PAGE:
Some federal candidates in the Northwest Territories are criticizing Ottawa's recent changes to a longtime northern food subsidy program, with some pledging to scrap the changes if they are elected.

NDP incumbent Dennis Bevington said the Conservative government's Nutrition North Program, which came into effect this month, does not help retailers or consumers in the North, where food prices are generally higher than in southern Canada due to shipping costs.

Under the government's old Food Mail Program, Ottawa provided grocery transportation subsidies to lower food prices in remote northern communities that don't have regular road or marine access.

The Food Mail Program was replaced on April 1 by the Nutrition North Program, in which subsidies go to retailers that will negotiate freight rates for lower costs. Any cost savings must be passed on to consumers, according to the program.


Northern consumers are supposed to see lower grocery costs, especially on produce, milk and eggs, under the Nutrition North Program, which took effect on April 1. ((CBC))

But Bevington said and NDP government would scrap Nutrition North, restore the old Food Mail Program and make it easier for individual consumers to benefit from the subsidy.

"What we want to do is restore a program that allows personal mail orders in a decent fashion, that allows the consumer to get the benefits from the some $58 million that are spent on these programs annually," Bevington told CBC News on Tuesday.

"The Conservative government has cut this back to $48 million, so we've seen a $10-million drop in what they're willing to put into the Food Mail Program. I think that's wrong."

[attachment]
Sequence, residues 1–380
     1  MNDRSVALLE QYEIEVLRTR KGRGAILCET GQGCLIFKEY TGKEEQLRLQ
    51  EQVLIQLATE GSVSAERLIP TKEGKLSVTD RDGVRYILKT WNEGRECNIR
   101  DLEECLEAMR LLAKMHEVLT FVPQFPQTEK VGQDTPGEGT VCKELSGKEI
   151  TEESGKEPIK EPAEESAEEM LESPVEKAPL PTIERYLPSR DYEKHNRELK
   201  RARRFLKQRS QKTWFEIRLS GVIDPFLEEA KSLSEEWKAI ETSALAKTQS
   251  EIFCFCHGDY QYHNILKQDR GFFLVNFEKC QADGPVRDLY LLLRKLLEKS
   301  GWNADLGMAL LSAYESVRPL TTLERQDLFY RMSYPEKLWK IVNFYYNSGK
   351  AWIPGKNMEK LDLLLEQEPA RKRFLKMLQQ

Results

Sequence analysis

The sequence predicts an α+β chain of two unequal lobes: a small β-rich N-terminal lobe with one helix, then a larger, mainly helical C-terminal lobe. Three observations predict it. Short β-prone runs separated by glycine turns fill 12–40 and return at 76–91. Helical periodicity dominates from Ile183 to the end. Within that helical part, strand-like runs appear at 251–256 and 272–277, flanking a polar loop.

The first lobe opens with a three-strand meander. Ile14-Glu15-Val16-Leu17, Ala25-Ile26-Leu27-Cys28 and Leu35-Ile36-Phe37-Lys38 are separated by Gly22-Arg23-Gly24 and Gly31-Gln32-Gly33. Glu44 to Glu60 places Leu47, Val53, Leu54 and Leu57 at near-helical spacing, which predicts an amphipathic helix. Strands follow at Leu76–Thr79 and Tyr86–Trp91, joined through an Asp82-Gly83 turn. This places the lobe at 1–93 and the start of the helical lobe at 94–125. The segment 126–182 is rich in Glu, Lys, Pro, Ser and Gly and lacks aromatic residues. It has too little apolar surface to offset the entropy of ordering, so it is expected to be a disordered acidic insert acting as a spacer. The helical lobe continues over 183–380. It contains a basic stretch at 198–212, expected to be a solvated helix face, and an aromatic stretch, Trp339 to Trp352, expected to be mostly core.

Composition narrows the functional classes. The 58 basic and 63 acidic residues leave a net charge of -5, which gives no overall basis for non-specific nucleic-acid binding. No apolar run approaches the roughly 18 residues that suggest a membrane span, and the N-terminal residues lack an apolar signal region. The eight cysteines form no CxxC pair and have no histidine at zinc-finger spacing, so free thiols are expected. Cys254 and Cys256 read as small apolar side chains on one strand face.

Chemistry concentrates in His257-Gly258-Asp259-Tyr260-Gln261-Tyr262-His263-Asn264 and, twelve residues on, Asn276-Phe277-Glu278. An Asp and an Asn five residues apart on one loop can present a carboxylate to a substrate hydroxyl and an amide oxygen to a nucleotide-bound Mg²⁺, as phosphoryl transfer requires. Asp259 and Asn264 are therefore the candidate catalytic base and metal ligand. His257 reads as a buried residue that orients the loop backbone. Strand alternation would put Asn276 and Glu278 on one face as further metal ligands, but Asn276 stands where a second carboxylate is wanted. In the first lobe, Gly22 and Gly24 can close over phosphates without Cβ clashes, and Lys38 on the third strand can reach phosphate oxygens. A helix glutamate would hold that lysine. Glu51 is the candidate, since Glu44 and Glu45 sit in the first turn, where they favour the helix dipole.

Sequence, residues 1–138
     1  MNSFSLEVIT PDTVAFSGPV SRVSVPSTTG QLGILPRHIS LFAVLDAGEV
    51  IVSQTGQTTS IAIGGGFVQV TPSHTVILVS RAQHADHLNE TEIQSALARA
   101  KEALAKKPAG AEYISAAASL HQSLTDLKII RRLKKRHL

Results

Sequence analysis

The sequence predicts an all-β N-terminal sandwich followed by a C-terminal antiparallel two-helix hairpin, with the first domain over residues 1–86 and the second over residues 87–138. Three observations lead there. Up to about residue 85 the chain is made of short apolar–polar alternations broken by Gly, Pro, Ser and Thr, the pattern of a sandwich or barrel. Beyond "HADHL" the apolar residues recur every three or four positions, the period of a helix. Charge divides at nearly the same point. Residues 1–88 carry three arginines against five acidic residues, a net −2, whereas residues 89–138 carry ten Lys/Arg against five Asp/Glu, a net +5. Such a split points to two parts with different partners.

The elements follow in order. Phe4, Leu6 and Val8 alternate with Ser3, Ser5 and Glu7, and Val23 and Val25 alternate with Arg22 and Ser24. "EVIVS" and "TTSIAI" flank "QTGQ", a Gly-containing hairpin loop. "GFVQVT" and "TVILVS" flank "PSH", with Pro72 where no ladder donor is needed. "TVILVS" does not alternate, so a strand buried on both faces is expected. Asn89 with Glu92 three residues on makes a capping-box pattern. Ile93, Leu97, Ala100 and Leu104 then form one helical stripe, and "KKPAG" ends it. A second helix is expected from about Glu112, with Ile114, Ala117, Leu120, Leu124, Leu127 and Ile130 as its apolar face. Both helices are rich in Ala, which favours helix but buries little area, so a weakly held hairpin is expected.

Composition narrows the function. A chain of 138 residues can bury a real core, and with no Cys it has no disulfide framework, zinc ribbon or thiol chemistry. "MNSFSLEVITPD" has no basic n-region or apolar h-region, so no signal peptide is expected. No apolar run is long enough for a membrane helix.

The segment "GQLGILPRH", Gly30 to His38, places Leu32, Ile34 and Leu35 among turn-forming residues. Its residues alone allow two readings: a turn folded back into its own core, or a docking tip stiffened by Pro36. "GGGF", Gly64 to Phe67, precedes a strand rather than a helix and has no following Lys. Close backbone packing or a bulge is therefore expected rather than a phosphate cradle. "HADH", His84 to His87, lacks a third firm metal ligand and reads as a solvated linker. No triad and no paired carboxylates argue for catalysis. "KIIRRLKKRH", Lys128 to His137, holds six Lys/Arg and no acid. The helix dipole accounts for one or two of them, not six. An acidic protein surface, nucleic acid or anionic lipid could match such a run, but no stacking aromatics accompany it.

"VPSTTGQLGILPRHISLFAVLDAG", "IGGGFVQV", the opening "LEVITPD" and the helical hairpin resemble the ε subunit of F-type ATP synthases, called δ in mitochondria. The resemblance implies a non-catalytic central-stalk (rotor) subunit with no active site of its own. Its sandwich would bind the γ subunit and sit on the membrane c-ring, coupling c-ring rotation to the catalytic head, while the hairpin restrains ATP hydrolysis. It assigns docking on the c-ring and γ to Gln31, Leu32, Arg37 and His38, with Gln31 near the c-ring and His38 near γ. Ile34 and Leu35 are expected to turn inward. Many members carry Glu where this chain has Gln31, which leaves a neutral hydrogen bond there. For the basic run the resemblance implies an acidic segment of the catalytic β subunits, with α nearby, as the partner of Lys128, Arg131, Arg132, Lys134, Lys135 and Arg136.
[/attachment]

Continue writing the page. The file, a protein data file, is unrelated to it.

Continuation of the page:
Bevington added that Nutrition North not only does not help consumers, but it has become cumbersome for northern retailers to take part in.

Liberal approach criticized

Liberal candidate Joe Handley also called the Nutrition North Program a failure, noting rising grocery prices in N.W.T. communities he has visited during his campaign.

Handley said the Liberals would restore the previous Food Mail Program — with some changes — if they are elected to government.

"The problem with the Food Mail program before was that people who had a credit card could access it by going to wholesalers or stores in the South and so on. But those who didn't have credit cards are whatever, they weren't able to," he told supporters in Inuvik, N.W.T., on Friday.

"Instead of throwing the whole Food Mail Program out, and coming up with this new idea of just subsidizing the retailers, they should have fixed the problem and given people, like a charge card."

But Bevington said Handley should no be making "policy on the run," suggesting that candidates "have to actually take a very serious look" at the issue.

In an email to CBC News, a spokesperson for Conservative candidate Sandy Lee reiterated the party's position that Nutrition North aims to offer northerners a better selection of food — especially produce, milk and eggs — at lower prices.

"We will be following this program closely and make adjustments if needed," the spokesperson wrote.

Beaufort Delta mayors back Lee

Earlier this week, Lee told supporters in the N.W.T.'s Beaufort Delta that northerners would get more from a Conservative government is they elect her.

"We have a choice — do we want to be part of the government? Do you want to be part of that northern caucus that gets to speak to the prime minister about our priorities every week?" Lee said at a campaign rally in Inuvik, N.W.T., on Monday.

If the Conservatives are re-elected to government, and if Lee is elected in Western Arctic, she promised to move forward on $150 million that was earmarked in the latest federal budget for an all-weather road between Inuvik and Tuktoyaktuk, N.W.T.

"There's no secret … obviously you need to get doors opened for you," Inuvik Mayor Denny Rodgers told CBC News. "We want a member of Parliament here that can go down there for us and have a voice and sit at that table, be part of that northern caucus."

Lee has also won the support of Tuktoyaktuk Mayor Merven Gruben and Mayor Billy Storr Sr. of Aklavik, N.W.T.

"The NDP are not even a member of the opposition … they get in a little squeak once in a while," Storr said. "If we have somebody sitting at the table, part of the government, I think we can accomplish a lot more from the Northwest Territories."

Voters across Canada, including those in Western Arctic, will cast their ballots on May 2.